Research group Bergman/Agerberth - The AMP-group
We study the role of antimicrobial peptides (AMPs) in human immunity. The current focus is on respiratory tract infections, including tuberculosis, and the intestinal barrier function, especially in the context of HIV.
AMPs are expressed in mucosal tissues and by immune-cells. They constitute important effector molecules in the innate immune system. AMPs have potent antimicrobial activity against bacteria, viruses and fungi. In addition, AMPs function as "alarmins", i.e they activate and recruit cells from the adaptive immune system to the site of infection. AMP expression is tightly regulated but recent knowledge has revealed that substances such as vitamin D and phenylbutyrate (PBA) can induce AMP-expression in mucosal tissues and immune-cells.
Our aim is to translate basic findings on AMP-expression and regulation into clinical practice. In particular we work with a concept named “Host Directed Therapy”, which involves activation or induction of antimicrobial peptides by using small molecular compounds, such as vitamin D and Phenylbutyrate (PBA). Our aim is to identify novel and more potent inducers of AMP expression. In addition, we work with mechanistic studies on human tissues and cells but also perform clinical trials, where inducers of AMP-expression are investigated in humans.
Recently, we showed that vitamin D and PBA could activate autophagy in human macrophages, a process that is necessary to inhibit intracellular growth of Mycobacterium tuberculosis (Mtb). We could further show that autophagy and the control of Mtb-growth was depending on the human antimicrobial peptide LL-37.
We now plan to continue along these lines and to dissect the mechanisms in great detail. In addition, several clinical trials with vitamin D and/or PBA are ongoing or in the planning phase.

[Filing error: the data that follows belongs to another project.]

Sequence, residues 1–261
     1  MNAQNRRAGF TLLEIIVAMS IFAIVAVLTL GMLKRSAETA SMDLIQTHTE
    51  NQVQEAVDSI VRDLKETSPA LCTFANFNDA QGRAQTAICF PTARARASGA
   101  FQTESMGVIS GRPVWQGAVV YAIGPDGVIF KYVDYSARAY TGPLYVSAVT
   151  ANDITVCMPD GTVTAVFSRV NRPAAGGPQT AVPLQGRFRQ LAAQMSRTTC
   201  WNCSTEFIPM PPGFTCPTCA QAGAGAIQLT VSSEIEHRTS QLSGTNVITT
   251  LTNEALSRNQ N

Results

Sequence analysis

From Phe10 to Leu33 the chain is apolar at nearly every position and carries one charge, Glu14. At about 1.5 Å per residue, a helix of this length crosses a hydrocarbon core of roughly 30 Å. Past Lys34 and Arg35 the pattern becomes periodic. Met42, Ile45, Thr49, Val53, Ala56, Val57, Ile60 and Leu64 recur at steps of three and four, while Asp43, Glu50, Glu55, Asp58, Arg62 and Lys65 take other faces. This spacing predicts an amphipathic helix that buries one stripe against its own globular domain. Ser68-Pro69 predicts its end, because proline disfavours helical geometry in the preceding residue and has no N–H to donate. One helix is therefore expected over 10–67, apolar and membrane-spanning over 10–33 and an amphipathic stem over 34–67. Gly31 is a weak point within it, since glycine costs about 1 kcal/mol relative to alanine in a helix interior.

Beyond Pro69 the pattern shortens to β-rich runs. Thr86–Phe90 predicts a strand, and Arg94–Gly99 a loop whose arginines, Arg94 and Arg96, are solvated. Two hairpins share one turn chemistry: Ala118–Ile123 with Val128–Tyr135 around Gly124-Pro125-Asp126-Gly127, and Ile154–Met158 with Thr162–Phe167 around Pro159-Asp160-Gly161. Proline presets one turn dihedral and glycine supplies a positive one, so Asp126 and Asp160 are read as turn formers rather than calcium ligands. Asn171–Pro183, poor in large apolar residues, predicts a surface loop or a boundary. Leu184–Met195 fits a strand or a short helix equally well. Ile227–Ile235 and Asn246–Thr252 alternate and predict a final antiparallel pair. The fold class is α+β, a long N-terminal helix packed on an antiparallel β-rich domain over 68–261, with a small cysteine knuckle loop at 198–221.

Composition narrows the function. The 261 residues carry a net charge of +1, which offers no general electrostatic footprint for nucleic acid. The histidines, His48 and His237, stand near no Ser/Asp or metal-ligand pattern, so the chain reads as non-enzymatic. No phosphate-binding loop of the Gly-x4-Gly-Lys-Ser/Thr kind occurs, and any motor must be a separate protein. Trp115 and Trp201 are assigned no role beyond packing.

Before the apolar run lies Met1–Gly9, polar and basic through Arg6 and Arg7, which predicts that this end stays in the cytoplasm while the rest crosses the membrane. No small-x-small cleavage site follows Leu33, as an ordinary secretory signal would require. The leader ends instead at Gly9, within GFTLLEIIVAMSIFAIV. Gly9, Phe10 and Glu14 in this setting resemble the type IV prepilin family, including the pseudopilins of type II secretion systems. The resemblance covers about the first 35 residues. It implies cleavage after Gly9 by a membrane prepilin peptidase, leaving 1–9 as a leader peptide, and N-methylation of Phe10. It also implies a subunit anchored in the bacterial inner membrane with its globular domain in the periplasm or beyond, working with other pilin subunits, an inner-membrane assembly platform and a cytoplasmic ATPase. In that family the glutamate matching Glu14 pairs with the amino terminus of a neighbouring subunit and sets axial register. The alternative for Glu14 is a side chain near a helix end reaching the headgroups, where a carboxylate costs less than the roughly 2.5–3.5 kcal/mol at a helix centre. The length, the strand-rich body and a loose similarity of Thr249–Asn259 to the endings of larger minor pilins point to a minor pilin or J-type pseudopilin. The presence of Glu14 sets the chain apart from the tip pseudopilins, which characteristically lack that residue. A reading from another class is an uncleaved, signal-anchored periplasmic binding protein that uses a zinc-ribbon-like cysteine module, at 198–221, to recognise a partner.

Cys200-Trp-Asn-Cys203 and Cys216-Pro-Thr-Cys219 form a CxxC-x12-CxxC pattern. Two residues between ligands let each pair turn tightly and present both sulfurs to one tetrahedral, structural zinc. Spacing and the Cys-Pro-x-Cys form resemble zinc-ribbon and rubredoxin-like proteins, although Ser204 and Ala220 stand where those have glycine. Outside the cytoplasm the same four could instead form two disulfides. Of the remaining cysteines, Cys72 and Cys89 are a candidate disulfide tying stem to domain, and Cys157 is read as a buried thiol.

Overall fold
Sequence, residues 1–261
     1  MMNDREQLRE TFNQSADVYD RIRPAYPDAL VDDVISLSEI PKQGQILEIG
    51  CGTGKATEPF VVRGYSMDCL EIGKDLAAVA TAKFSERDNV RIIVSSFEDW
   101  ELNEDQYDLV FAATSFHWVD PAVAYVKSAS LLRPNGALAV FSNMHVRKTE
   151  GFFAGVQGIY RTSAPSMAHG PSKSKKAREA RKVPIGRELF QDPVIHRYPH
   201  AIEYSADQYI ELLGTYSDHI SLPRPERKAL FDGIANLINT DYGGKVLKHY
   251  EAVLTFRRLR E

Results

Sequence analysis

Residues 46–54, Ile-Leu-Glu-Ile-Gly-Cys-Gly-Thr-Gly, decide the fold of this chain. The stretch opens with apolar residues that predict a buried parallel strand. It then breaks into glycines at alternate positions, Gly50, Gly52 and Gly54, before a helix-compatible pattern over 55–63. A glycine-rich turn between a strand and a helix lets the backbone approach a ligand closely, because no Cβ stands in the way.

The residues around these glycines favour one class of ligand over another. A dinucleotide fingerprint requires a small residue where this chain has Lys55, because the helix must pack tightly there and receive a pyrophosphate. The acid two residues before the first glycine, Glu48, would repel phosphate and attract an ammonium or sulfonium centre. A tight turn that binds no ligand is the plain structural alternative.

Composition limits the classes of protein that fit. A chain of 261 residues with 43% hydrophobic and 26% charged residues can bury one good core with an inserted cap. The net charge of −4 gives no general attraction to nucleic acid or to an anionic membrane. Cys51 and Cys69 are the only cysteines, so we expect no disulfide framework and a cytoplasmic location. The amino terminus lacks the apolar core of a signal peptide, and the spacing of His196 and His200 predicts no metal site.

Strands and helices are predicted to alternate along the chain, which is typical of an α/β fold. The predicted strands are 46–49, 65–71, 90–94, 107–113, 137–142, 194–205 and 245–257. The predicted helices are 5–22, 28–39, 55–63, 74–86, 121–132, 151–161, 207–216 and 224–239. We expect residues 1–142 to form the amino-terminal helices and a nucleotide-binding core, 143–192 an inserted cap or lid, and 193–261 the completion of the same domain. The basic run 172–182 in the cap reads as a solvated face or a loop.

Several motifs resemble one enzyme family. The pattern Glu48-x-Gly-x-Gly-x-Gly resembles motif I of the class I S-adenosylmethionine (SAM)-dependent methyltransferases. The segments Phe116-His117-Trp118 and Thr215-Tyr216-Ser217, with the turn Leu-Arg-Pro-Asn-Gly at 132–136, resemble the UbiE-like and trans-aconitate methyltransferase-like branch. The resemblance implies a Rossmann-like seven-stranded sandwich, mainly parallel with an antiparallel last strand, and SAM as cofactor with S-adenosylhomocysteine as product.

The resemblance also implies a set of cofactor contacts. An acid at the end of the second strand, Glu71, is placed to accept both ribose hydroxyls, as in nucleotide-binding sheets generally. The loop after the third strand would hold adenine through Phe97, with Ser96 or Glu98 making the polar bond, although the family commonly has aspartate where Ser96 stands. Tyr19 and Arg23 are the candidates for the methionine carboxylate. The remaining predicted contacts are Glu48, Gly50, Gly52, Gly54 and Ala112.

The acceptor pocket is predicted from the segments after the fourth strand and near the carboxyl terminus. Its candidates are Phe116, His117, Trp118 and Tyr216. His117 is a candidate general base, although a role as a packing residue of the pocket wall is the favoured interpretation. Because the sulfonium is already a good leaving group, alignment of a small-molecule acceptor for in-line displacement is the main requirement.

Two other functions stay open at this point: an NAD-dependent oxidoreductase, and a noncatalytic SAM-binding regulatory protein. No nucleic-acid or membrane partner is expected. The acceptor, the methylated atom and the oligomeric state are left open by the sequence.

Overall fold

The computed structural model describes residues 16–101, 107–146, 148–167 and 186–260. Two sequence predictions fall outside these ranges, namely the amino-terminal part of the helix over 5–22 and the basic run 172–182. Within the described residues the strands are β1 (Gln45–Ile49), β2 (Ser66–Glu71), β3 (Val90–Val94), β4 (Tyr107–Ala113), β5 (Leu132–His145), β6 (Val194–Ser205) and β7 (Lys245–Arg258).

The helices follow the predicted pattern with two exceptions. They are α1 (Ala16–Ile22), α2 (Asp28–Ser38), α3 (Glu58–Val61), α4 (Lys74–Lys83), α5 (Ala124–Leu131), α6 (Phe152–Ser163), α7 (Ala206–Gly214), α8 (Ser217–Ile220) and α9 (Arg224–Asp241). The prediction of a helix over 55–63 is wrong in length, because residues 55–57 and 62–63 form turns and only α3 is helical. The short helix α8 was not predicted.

Research group leaders
Our research in Media
Previously, we have shown that patients with immunodeficiency can reduce their infectious burden and antibiotic consumption by vitamin D supplementation. Read article on the KI website here.
In another project, we have – together with a French group – shown that the antimicrobial peptide CRAMP can protect against type I diabetes in the mouse. Read lint the article published in Immunity.
These projects are carried out in close collaboration with several other research groups at KI.
- Phenylbutyrate and Vitamin D as host directed therapy in tuberculosis – experimental and clinical studies in Bangladesh and Ethiopia
- A cellular infection model to evaluate novel host directed therapy with implications for multi drug resistant bacteria
- Studies of the expression and regulation of antimicrobial peptides – focus on transcription factors
- The role of vitamin D in HIV – focus on the intestinal barrier function
- Vitamin D and respiratory tract infections – experimental and clinical studies
- Diagnostic and pathophysiological aspects of sepsis-causing bacteria
- Expression analysis byq RT-PCR and Western blot
- Microbiological work with bacteria
- Biochemical purification of antimicrobial peptides using HPLC and mass-spectrometry
- CRISPR/Cas9-gene editing
Swedish Research Council, Heart-Lung Foundation, Swedish Cancer Foundation, Stockholm County Council, Karolinska Institutet, Swedish Foundation for Strategic Research (SSF), the Groschinsky Foundation, the Scandinavian Society for Antimicrobial Research, Swedish Society for Physicians
Assays for Identifying Inducers of the Antimicrobial Peptide LL-37.
Methods Mol. Biol. 2017 ;1548():271-281
Potent Inducers of Endogenous Antimicrobial Peptides for Host Directed Therapy of Infections.
Sci Rep 2016 11;6():36692
Cathelicidins positively regulate pancreatic β-cell functions.
FASEB J. 2016 Feb;30(2):884-94
Narcolepsy patients have antibodies that stain distinct cell populations in rat brain and influence sleep patterns.
Proc. Natl. Acad. Sci. U.S.A. 2014 Sep;111(35):E3735-44